So why is the granting of candidate status such a key element for the current pro-European government ? One could claim that European integration is rather a long-term issue and that today’s dreadfully high unemployment rates, as one out of four citizens of Belgrade is jobless, would call for political leaders to concentrate on domestic issues instead. However, the current government bet that only would a successful diplomatic move such as progress on the EU front prevent nationalists from coming to power in May. As a result, successes on the international stage would simply eclipse domestic matters.
However, this is still a very risky political manoeuvre that could be followed by a dangerous backlash. Two main reasons can be given.
First of all, after reaching several agreements on trade, freedom of movement, cadastral registry, mutual recognition of university diplomas and, most importantly, on the international representation of Kosovo (under the United Nations Resolution 1244), the status of the north of Kosovo still remains an unresolved issue.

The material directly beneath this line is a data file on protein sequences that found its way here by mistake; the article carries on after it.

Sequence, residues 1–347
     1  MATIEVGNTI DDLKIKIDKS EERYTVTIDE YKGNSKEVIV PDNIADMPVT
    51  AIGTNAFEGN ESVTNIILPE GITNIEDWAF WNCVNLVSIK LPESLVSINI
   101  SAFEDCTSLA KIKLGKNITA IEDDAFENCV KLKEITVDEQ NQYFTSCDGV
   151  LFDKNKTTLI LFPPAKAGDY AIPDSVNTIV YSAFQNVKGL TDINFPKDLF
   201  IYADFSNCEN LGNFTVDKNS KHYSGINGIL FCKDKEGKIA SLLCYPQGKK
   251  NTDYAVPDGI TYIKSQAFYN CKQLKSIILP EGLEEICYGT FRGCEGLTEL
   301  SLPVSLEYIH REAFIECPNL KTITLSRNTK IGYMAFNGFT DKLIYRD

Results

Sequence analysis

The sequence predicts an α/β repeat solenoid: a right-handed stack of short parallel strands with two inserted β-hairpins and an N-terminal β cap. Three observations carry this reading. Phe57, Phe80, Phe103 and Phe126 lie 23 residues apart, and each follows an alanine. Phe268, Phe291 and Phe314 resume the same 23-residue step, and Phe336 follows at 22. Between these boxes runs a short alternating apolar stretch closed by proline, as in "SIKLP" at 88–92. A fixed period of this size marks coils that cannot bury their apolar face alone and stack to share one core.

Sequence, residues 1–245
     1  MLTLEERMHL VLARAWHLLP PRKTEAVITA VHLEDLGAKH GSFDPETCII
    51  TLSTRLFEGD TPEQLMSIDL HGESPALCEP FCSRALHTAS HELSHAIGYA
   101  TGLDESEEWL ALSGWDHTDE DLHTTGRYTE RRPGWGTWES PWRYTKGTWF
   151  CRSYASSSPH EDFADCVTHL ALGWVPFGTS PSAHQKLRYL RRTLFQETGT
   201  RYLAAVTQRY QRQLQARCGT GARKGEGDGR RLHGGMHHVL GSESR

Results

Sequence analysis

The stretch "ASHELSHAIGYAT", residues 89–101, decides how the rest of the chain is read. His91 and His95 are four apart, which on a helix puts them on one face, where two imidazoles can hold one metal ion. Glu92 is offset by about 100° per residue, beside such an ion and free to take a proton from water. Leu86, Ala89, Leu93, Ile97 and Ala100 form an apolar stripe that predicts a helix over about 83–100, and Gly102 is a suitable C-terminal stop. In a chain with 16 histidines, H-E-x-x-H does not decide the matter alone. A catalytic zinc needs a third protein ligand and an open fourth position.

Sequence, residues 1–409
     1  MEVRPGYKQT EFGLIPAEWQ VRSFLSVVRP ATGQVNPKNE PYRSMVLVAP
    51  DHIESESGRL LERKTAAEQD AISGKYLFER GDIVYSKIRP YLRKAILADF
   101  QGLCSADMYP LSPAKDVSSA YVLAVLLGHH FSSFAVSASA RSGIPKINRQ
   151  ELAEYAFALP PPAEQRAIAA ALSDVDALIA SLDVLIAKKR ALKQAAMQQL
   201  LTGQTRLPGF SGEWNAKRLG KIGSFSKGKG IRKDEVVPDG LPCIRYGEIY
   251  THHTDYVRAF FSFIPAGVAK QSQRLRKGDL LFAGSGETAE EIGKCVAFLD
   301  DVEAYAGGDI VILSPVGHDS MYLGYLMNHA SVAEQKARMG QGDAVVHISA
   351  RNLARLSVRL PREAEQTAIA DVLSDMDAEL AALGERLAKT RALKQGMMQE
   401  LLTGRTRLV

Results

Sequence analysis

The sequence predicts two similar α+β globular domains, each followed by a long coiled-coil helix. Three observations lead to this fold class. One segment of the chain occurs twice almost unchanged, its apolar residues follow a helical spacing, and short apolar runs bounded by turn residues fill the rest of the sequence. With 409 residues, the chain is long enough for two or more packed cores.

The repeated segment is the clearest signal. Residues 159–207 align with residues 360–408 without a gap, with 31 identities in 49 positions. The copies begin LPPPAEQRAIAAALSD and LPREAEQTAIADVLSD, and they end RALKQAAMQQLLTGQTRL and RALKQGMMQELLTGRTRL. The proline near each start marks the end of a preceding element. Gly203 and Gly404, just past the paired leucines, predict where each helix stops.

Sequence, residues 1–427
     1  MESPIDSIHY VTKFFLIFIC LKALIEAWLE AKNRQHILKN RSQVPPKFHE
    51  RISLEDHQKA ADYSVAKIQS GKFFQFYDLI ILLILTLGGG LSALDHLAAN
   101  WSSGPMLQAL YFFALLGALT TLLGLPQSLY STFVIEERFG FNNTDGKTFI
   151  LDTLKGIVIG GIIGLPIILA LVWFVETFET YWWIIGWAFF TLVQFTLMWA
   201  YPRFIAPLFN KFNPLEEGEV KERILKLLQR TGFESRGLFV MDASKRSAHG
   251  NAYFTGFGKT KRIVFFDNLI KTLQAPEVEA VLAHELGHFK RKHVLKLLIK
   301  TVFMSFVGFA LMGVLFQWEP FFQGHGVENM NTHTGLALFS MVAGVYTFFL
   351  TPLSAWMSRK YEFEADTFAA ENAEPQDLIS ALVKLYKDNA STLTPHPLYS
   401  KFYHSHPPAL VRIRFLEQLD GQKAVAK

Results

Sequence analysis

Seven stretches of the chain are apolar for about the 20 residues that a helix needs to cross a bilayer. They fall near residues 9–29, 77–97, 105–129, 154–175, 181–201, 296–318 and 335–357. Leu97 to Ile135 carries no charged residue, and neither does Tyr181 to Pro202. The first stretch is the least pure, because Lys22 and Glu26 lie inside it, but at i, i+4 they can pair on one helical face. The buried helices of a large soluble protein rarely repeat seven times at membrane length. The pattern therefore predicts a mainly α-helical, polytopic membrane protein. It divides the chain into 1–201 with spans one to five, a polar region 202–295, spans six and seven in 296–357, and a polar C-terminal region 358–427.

A good illustration of this issue is the barricades that have been deployed in the region since the summer of 2011. They were erected in July when the Albanian government sought to take control of crossing points at Jarinje and Brnjak to implement a trade blockade against Serbia. The embargo was imposed in response to Belgrade’s ban on imports from Kosovo. The barricades were dismantled on the day of the semi-official visit by German minister of Foreign Affairs Guido Westerwelle in Belgrade. What a coincidence, one might say, as this visit was conveniently placed in the middle of heated debates at the EU Council of Ministers. The Serbian media did not cast much light on this movement, but one of the obstacles to gaining candidate status was however eliminated.